• charles moore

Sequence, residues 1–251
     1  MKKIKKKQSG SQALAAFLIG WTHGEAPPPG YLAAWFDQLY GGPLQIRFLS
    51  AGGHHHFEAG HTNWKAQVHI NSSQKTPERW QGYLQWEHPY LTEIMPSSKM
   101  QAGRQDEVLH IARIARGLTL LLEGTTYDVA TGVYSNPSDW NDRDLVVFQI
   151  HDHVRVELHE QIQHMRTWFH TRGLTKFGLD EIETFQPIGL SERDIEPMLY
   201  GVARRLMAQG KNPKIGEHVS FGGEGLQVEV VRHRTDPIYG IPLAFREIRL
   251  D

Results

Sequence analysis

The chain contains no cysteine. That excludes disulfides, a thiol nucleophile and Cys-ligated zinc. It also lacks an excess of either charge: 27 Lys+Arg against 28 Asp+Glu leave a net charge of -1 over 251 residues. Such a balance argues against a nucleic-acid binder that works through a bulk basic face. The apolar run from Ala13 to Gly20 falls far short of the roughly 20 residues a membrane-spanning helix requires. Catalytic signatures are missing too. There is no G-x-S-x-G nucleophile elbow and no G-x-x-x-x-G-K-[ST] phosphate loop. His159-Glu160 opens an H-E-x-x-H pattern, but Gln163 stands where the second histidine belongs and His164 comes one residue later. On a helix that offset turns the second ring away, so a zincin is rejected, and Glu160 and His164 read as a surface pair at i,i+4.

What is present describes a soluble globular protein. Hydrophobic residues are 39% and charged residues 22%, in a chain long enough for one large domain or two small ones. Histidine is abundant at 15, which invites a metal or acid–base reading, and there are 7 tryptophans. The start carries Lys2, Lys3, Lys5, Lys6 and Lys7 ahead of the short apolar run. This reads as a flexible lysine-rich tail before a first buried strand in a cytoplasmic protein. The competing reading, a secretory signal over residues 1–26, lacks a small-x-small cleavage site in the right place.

You can’t single out just one Country. Take a course in Economics 101. Century Aluminum in Kentucky just announced that they are spending 100 million dollars to expand their Aluminum Plant. Don’t you think that that will require more hiring of employees??? Since Trump announced the Washing Machine Tariffs there is at least one foreign Country that is building a Plant here in the U,S, They will hire American workers. Amazing that you don;t mind the heavy tax on Beer but whine about a penny increase in an aluminum can. The 100 million expansion of the Aluminum Plant will take care of that. I suppose you don’t mind the Federal, Local and State tax on Gasoline. Are you going to stop driving a car?I doubt it as you apparently don;t mind the heavy tax on Beer. Politicians love increasing the “Sin Tax” on Alcohol and Cigarettes and it is heavy. But you don’t mind paying it and then whining about a penny tariff on a can of Coors. Coors does make Beer in bottles if you can’t pay the penny. This will also result in an extra $175. for Autos. Not everybody can pay cash and finance over 5 years pr $35.00 a year and less than $3 dollars a month. People spend more than that at Starbucks every month. You need to take a course in Econ 101. How about getting your facts straight.